JB: I think in many ways it is important to honor the origin of the character you are playing, but I also believe that, as an actor, it is important to make a character your own.
“I believe that, as an actor, it is important to make a character your own”
DA: On the TV front, you’re still starring in “TURN: Washington’s Spies” and the current season is getting rave reviews. What do you think is it that allows this show to stand out among other period dramas?
JB: The attention to historical accuracy on our show is very rare. I think that sets us apart. I think it’s also because how its subject is a real part of history that not many people know about. So it’s intriguing.
DA: Do you think that this show can appeal to a global audience who may not be all that familiar with how the American Revolutionary War went?
JB: I really hope that “TURN” has a life internationally. I think there are some great stories and some great characters in there.
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“Do what you love. Give it a shot. You never know what might happen”
DA: If we’re not mistaken, “TURN: Washington’s Spies” is the first time you’ve done a TV show for a full season, right? Well, two seasons. Did you have any trouble adjusting to the pacing and scheduling of shooting a series of films as opposed to one?
JB: A TV show is hard work. It’s very fast paced and you shoot a lot of material in one day. It’s one of the most challenging things I’ve ever done.
DA: Besides the titles we’ve already mentioned, do you have any other film projects in the works?
JB: I’m about to make a film called “6 Days,” which chronicles, in real time, the siege at the Iranian embassy in London in 1980.
DA: Let’s move back to the role that started your career: “Billy Elliot.” Looking back, what do you think is it that made the movie such a huge success?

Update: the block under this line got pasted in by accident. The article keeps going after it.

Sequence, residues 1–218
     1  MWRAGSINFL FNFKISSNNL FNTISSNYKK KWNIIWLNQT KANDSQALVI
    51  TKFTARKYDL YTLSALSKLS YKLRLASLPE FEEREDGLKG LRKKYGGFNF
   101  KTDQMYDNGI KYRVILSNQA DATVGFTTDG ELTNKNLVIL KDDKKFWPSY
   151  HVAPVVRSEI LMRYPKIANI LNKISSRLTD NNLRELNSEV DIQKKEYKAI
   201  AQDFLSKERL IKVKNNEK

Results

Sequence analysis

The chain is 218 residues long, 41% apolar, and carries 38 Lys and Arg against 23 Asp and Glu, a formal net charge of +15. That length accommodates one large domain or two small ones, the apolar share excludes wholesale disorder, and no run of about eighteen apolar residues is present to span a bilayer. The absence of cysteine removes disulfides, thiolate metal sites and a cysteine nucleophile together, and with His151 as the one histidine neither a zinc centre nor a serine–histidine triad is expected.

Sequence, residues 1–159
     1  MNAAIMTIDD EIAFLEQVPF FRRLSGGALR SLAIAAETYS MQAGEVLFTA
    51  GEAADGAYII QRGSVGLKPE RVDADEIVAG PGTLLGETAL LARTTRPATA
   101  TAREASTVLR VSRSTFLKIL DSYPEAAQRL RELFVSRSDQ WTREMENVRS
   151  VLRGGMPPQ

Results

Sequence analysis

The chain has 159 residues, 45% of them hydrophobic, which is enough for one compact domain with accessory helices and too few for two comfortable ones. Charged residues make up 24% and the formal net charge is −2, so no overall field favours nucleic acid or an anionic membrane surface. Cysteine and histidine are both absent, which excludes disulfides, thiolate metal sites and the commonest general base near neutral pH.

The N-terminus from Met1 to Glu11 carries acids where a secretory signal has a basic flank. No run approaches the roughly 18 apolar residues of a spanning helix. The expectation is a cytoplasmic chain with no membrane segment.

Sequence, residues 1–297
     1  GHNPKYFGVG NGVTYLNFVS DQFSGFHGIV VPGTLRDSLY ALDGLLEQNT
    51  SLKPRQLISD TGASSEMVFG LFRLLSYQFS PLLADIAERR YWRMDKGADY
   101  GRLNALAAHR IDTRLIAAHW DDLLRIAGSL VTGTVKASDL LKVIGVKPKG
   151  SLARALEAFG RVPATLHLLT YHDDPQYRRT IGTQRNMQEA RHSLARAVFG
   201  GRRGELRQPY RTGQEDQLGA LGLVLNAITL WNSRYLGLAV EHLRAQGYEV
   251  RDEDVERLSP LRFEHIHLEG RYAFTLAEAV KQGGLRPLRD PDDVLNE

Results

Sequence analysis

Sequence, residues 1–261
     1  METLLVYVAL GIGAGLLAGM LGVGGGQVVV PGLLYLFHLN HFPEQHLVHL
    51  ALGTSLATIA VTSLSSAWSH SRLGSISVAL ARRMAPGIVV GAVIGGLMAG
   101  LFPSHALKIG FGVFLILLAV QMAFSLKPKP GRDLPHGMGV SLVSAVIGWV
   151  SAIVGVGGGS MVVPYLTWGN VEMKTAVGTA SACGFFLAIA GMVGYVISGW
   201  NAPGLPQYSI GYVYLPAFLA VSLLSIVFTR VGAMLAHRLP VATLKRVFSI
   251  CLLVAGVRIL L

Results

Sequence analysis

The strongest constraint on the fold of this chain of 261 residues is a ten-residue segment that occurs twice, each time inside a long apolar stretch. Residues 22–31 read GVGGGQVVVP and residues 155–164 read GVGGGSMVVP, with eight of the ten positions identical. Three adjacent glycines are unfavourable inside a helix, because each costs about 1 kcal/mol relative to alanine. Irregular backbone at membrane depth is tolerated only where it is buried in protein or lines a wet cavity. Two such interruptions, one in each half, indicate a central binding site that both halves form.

JB: Just how universal the character is. It’s a fantastic underdog story.
DA: What was it that motivated you to audition for the role?
JB: My mother.
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DA: What was it like dealing with the sudden fame and public attention while you were still a teenager?
JB: I was very lucky to have loving people surrounding me, making sure I made good choices. I still got to be very much a kid.
DA: Do you think that “Billy Elliot” somehow helped break down the stigma of boys picking up dancing?
JB: I hope so. I have met quite a lot of people who have said it’s helped them in their pursuit of dance.
DA: Do you still dance?
JB: It’s like riding a bike. You never forget.
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DA: Besides acting and dancing, what else interests you?
JB: I love music—listening to it, playing it. I love food—eating it, mostly. I also like writing, and so on.
DA: Do you have any advice for young boys everywhere who might be interested in the performing arts but are still unsure?
JB: Do what you love. Give it a shot. You never know what might happen.
DA: What is the single most important thing that motivates you each and every day?
WATCH: DA MAN TV – Jamie Bell: Fantastic Man
Photography Mitchell Nguyen Mccormack
Styling Alexa Rangroummith Green
Styling Assistant Rebecca Rea
Grooming Kristin Heitkotter at traceymattingly.com using Oribe and Giorgio Armani Beauty
Videography Jon Norris
Video Editing Dimas Anggakara
Special Thanks Traffic Men (shoptrafficla.com)